JEFFREY KAYE: Do you believe that the--for those Jews who are politically active--and I think everyone seems to agree that those would be in the minority--but has--to what extent has the Jewish community here in the United States affected what's been going on in Israel?
MR. FISHEL: I don't think directly it affects what's going on in Israel. I think what's going on in Israel does have some circular effect on what happens in the American Jewish community. I think it has created some polarization in the last number of years. I think that that does have an impact on how--
JEFFREY KAYE: Polarization in this country, or--
MR. FISHEL: Polarization in Israel certainly but polarization in this country as well, among those who are more politically active, more politically aware. Where it has had an impact is in perhaps a lowering in the inhibitions of some American Jews to involve themselves in the political process in Israel.
MR. BUBIS: I think there's an anomaly that this recent change has brought forth. Up until the Labor Party was elected, those of us who were moving as strongly as we could in a responsible manner against the Likud government were accused of being disloyal to Israel and also accused of speaking when we had no right to speak as American Jews. Those who attacked us the most and were the most vociferous are those now who are at the heart of the most vociferous attacks against the Labor Party, including supporting some of the most extreme elements within Israel, itself, and elements here in the United States.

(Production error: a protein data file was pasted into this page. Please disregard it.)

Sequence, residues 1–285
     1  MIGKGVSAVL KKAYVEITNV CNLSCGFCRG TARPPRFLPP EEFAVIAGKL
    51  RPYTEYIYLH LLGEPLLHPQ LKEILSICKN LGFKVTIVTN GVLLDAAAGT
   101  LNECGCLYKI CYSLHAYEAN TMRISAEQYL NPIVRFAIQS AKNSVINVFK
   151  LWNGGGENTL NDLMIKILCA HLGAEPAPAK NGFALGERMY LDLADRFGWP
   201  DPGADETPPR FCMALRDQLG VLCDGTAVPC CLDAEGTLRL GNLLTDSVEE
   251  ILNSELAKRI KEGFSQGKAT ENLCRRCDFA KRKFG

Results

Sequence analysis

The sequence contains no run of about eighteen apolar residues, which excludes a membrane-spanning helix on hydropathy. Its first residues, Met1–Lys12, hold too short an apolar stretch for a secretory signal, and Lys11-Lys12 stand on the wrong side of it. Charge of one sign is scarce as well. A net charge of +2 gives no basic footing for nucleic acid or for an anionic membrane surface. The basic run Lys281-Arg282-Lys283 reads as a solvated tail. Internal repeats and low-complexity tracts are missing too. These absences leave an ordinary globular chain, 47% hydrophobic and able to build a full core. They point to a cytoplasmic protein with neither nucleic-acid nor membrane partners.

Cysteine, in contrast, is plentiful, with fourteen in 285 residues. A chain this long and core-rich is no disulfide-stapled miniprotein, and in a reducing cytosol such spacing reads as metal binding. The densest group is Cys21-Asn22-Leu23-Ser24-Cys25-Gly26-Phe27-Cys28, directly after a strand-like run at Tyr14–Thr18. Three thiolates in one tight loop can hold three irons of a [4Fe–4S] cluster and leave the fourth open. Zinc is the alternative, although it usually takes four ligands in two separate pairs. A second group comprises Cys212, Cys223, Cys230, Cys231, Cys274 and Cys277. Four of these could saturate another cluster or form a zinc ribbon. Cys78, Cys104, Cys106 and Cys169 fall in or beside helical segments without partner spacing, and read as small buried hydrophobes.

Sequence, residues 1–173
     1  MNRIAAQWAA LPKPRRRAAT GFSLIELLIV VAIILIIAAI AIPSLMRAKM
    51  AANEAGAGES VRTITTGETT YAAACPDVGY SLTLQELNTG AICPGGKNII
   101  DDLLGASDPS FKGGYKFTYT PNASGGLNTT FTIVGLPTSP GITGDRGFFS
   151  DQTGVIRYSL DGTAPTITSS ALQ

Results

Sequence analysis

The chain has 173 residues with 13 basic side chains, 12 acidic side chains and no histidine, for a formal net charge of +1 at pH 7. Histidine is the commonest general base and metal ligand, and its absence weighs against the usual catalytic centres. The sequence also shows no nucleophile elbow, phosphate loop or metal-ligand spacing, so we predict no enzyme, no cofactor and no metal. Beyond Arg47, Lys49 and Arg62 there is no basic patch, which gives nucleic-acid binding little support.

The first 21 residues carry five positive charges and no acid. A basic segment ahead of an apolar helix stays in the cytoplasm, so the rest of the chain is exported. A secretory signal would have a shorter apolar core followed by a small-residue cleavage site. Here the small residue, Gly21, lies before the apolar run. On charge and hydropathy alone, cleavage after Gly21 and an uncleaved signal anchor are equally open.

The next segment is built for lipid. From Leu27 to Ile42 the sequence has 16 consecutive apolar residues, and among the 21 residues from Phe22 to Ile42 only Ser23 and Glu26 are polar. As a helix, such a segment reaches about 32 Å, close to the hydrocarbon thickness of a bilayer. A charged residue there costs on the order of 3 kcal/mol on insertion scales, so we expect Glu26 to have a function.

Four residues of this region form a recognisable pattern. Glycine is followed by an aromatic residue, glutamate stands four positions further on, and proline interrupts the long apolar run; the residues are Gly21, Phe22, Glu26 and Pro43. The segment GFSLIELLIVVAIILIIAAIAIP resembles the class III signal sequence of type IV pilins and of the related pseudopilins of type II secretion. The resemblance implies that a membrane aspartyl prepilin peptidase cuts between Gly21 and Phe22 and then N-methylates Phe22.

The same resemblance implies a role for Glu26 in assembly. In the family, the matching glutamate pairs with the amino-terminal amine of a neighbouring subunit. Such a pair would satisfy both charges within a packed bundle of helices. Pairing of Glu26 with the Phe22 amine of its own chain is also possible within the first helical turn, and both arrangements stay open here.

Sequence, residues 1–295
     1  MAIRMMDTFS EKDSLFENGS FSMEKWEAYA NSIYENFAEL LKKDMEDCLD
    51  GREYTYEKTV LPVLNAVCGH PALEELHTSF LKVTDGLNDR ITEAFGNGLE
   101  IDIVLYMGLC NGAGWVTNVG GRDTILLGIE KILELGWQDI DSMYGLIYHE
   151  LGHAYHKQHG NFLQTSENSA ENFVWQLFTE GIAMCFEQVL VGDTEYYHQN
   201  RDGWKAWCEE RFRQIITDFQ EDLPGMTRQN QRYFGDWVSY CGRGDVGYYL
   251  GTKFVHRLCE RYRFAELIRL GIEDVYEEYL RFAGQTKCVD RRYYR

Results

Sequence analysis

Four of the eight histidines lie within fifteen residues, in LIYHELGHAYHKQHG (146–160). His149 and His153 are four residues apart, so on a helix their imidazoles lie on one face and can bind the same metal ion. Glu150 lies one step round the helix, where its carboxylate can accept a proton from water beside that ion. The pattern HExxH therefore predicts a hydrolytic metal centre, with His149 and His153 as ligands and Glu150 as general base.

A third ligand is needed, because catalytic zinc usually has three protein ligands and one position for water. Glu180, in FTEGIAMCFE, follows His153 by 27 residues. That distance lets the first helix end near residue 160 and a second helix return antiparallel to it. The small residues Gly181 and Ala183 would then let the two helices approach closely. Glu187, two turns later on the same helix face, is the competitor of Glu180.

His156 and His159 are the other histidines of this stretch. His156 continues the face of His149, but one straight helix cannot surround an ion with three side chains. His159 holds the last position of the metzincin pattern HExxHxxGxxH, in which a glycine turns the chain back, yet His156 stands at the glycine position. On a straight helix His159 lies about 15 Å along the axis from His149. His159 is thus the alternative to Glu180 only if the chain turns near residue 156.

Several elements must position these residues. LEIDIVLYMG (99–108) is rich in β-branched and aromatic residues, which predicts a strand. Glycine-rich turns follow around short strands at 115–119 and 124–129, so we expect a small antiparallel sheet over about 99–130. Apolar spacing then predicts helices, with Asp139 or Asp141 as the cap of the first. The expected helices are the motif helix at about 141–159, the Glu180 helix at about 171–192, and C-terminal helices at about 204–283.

JEFFREY KAYE: To what extent? Let me turn to you, Rabbi Eliezrie. You've been opposed to the, the current peace process. And how have you and, and people who were--would be affiliated with you made their points of view known in Israel? To what extent have you been affected?
RABBI DAVID ELIEZRIE: I think that it's been really a debate which has gone on here and gone on there. The fact that Jews here in America--many feel that this process could endanger security of the Jewish state, is a reflection of the way Jews feel there. And I think that the fact that we express our opinion here, it is an impact over there, and Israel's also sensitive to American public opinion. And when Jews stand up in this country and they say they question that maybe this could bring danger to Israel, this could establish a terrorist state adjacent to Israel, that I think it also strengthens the opposition in Israel.
JEFFREY KAYE: But you've heard some of the strident views that have continued to come out of Israel.